Copies are available, post free, from email@example.com
David Rosenberg has demolished an assumption and disrupted a habit. I always assumed my knowledge of London’s dissenting tradition was adequate but incomplete, but this revised edition of Rebel Footprints exposed my ignorance of key aspects of even the better-known episodes in the city’s radical history.
For years, quarterly meetings in Chancery Lane have been preceded by aimless, time-killing strolls around EC4, but my next visit will include a carefully planned trudge from the Savoy Hotel, on The Strand, to Dorset Rise, just off Fleet Street. As Rosenberg reveals, the Savoy marks the site of a palace destroyed during the Peasants’ Revolt of 1381, while Dorset Rise is the location of an obelisk commemorating Robert Waithman, linen draper and rebellious MP.
The Fleet Street writers and rioters walk, new to this edition, also introduces us to the London Corresponding Society, which integrated the struggle for democracy with the battle against slavery. Local figures of note are ‘Freeborn’ John Lilburne, a Leveller flogged, pilloried and gaoled for attacks on the authority of the clergy, and the pamphleteer Richard Carlisle, who was repeatedly imprisoned on charges of seditious libel and blasphemy.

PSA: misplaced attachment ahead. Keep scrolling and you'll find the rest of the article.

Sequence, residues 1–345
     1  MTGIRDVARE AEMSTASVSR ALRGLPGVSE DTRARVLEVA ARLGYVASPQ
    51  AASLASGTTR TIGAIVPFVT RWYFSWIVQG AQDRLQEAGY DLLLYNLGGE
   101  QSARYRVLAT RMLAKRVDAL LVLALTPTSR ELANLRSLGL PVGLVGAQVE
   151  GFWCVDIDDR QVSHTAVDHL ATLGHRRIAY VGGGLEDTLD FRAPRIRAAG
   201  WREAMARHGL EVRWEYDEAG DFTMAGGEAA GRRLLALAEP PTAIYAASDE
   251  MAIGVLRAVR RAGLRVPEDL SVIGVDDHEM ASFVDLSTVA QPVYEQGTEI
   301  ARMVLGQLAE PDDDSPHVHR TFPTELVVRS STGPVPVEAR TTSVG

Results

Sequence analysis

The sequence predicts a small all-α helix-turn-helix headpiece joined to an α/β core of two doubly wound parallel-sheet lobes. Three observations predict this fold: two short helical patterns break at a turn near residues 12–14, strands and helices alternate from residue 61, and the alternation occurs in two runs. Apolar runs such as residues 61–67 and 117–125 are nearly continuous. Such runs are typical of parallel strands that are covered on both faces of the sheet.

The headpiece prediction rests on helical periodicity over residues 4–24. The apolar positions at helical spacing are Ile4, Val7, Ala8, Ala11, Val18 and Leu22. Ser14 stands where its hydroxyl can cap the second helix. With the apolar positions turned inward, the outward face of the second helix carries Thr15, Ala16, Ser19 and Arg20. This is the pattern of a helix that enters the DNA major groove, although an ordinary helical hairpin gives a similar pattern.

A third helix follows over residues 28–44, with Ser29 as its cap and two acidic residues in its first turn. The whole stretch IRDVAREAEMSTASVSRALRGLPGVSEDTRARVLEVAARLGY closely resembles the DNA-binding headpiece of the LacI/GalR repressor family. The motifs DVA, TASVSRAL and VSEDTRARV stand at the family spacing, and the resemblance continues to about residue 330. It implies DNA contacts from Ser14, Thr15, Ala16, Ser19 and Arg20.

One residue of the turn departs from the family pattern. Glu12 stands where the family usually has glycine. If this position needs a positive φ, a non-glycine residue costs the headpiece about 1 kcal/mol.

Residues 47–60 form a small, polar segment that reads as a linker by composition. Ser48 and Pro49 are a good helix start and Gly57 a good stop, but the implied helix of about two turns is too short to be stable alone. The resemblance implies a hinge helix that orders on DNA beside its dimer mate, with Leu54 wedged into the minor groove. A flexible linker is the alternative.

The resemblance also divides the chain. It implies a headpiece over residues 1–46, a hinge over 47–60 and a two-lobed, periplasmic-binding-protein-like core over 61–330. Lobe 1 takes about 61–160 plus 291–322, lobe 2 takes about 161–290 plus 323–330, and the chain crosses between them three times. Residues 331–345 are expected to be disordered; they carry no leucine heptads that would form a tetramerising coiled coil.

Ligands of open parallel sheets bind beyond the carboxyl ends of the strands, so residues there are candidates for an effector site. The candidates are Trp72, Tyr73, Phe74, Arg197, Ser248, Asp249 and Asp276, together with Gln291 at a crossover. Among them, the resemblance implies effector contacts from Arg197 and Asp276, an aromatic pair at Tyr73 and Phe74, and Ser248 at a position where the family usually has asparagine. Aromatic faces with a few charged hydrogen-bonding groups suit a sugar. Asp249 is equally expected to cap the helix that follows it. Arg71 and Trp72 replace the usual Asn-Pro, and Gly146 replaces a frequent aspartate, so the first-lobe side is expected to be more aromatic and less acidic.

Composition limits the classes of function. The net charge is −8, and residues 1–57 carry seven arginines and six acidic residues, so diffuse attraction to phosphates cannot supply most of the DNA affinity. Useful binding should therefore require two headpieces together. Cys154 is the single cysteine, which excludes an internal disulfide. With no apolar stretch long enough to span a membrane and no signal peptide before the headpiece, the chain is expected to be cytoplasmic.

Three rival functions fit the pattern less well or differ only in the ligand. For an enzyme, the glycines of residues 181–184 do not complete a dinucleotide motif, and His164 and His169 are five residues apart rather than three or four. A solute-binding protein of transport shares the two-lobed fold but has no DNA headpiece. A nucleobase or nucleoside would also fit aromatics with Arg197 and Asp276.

Another new segment, on Bethnal Green and Shoreditch, introduces us to the area’s housing campaigners, including Charles Mowbray, tailor, printer, anarchist-communist, ‘no rent’ activist, co-founder of the Socialist League and sole non-Jewish member of the Yiddish-speaking sweatshop workers strike of 1889.
Mowbray’s story, deftly outlined over a few pages, illustrates one of the strengths of the book. Rather than compartmentalising people, places and issues, Rosenberg meanders across thematic and geographical boundaries to highlight the connectedness of class struggles and celebrate the resilience and diversity of Londoners.
The book’s eleven historical excursions are crammed with fascinating detail, such as the geographical and class-based schisms in the suffragette movement, and Sylvia Pankhurst’s lifelong commitment to socialism and anti-fascism. Sylvia’s contribution to the foundation of the Women’s Social and Political Union did not, we are told, secure a namecheck on the suffragettes’ commemorative statue in Westminster.
Rosenberg’s style is clear and accessible and his scholarship impressive, but the vital element of Rebel Footprints is its passion for the capital’s history of radical change. And it’s tremendous fun. Each chapter ends with an elegantly lettered and illustrated map, and an itinerary listing significant landmarks in geographical order.